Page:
Support for LAist comes from
We Explain L.A.
Stay Connected

Share This

This is an archival story that predates current editorial management.

This archival content was written, edited, and published prior to LAist's acquisition by its current owner, Southern California Public Radio ("SCPR"). Content, such as language choice and subject matter, in archival articles therefore may not align with SCPR's current editorial standards. To learn more about those standards and why we make this distinction, please click here.


American Apparel Plans To Close Stores And Lay Off Workers

American Apparel in Malibu (Photo by Eric Demarcq via the LAist Featured Photos pool on Flickr)
We need to hear from you.
Today during our spring member drive, put a dollar value on the trustworthy reporting you rely on all year long. The local news you read here every day is crafted for you, but right now, we need your help to keep it going. In these uncertain times, your support is even more important. We can't hold those in power accountable and uplift voices from the community without your partnership. Thank you.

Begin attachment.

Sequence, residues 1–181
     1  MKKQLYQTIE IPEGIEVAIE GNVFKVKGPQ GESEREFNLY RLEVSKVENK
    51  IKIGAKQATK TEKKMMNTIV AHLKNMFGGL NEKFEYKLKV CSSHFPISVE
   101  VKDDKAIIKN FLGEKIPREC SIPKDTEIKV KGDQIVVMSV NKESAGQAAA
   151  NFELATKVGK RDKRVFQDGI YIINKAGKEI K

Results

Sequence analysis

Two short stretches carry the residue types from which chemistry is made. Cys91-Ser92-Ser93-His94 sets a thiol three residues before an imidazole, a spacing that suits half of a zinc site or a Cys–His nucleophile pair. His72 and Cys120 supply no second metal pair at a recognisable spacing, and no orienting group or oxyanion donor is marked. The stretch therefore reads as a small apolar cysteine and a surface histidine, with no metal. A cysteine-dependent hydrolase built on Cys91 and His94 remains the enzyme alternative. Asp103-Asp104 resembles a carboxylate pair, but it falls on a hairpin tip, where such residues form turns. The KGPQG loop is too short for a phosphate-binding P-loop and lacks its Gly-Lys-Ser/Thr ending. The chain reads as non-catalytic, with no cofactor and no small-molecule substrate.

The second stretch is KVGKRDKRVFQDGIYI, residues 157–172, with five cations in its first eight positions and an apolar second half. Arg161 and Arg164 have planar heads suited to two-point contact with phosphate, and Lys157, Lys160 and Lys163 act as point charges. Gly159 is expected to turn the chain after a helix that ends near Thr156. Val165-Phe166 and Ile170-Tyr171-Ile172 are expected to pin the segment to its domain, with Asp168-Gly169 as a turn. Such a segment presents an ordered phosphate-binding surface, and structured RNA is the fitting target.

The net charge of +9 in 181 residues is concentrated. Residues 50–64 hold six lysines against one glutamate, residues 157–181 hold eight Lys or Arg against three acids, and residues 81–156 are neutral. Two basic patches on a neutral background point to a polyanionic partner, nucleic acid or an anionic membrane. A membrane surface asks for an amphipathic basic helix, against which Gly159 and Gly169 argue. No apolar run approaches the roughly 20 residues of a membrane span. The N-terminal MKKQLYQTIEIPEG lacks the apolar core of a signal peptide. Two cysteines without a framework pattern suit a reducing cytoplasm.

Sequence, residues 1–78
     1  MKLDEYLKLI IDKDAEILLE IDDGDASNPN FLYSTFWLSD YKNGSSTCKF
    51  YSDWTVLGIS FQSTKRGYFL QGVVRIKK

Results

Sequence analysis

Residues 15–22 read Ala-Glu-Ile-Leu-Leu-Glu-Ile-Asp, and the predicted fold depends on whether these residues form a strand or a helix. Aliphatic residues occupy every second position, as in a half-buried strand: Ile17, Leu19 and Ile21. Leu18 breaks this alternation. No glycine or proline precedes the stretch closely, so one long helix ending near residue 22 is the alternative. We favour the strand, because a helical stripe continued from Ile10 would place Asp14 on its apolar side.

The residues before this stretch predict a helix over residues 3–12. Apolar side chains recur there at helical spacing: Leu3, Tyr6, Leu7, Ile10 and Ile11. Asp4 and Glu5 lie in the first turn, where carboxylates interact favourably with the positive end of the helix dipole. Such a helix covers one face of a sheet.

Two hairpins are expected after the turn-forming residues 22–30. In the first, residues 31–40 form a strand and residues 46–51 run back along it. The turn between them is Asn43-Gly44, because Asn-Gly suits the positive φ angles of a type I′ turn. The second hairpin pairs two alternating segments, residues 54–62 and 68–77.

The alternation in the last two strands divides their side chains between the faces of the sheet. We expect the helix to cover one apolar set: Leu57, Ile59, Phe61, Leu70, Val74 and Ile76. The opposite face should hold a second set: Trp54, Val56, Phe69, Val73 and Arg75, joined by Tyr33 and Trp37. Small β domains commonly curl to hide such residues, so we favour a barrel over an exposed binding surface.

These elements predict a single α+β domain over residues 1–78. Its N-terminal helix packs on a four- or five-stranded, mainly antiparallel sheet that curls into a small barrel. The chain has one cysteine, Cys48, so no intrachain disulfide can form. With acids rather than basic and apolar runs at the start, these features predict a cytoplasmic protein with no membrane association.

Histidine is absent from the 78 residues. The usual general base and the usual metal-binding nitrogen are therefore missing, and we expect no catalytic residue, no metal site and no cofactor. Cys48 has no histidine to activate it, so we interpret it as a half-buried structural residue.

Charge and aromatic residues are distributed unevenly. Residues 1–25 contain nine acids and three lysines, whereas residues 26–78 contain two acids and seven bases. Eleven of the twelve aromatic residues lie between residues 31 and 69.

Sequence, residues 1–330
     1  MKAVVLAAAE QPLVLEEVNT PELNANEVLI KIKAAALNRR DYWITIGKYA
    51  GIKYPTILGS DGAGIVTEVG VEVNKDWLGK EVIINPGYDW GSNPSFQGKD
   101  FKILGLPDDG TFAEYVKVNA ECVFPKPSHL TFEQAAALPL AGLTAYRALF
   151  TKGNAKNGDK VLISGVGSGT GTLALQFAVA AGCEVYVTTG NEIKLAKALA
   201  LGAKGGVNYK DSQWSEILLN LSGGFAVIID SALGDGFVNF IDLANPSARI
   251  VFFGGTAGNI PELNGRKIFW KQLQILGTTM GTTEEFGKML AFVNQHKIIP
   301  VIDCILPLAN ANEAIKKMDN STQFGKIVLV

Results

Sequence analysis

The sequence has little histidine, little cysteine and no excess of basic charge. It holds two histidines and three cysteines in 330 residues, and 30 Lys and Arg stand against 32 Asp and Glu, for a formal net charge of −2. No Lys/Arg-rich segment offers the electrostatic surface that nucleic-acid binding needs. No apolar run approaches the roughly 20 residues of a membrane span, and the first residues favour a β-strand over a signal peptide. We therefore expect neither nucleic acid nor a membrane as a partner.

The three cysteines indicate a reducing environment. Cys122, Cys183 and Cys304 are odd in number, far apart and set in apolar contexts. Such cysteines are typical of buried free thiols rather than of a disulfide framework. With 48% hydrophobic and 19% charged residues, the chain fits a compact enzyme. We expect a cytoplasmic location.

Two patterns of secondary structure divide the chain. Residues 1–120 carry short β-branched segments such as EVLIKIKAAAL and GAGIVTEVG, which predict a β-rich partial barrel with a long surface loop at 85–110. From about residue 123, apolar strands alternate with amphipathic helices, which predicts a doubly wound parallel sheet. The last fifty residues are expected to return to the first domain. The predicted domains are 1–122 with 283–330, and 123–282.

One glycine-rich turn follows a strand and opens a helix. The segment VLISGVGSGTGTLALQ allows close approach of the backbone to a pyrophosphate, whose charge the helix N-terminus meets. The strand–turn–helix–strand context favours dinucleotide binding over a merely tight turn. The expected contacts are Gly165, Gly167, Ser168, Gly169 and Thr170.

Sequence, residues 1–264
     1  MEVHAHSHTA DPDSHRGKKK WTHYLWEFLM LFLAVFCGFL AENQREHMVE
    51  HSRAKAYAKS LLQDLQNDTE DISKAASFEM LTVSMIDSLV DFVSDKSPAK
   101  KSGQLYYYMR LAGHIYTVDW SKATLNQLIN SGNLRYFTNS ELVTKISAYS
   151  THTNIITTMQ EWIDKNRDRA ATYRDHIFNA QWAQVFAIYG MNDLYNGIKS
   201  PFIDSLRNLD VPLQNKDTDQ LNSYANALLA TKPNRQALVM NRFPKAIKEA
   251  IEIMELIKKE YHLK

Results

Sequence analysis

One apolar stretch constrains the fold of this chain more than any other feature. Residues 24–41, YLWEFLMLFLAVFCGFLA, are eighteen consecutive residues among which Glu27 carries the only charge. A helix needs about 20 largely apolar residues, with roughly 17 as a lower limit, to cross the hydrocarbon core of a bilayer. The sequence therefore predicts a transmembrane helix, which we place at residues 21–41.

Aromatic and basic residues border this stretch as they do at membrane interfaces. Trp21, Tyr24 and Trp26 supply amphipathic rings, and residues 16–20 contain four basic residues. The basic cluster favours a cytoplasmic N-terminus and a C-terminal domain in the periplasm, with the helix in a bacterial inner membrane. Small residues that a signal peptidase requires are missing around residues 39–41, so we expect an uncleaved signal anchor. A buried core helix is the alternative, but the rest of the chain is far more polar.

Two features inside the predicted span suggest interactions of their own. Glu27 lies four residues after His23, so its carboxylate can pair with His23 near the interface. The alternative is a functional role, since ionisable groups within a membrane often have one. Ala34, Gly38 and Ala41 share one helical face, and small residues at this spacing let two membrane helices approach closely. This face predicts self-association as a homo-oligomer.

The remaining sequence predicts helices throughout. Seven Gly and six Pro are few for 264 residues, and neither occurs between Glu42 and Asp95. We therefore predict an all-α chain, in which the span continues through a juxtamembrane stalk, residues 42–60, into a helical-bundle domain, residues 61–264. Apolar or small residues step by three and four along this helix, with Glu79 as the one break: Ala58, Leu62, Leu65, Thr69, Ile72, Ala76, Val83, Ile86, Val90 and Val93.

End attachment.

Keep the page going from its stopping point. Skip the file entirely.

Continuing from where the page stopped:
Struggling hipster brand American Apparel announced today that it is closing stores and laying off workers as part of a $30 million cost-cutting effort.

In the wake of nearly two dozen lawsuits from ousted CEO Dov Charney and successive annual losses, the downtown Los Angeles-based company is hoping that major cost cutting measures over the next 18 months will help keep them afloat. The retailer did not say how many of its roughly 10,000 workers would be let go or how many of its 239 stores would close. In April, American Apparel announced nearly 200 layoffs, with a majority of the job losses coming from the company's manufacturing operations in Southern California.

The company says it will close "underperforming retail locations" in "unprofitable and over-saturated markets," while it also plans to "look to add new stores in profitable fast-growing territories," according to CNN Money. Even if costs are cut and revenue increases, however, the company says there's no guarantee that it will meet funding requirements for the next 12 months without raising additional capital. Since 2010, the market value of American Apparel has plunged dramatically from $540 million to about $90 million.

Most Read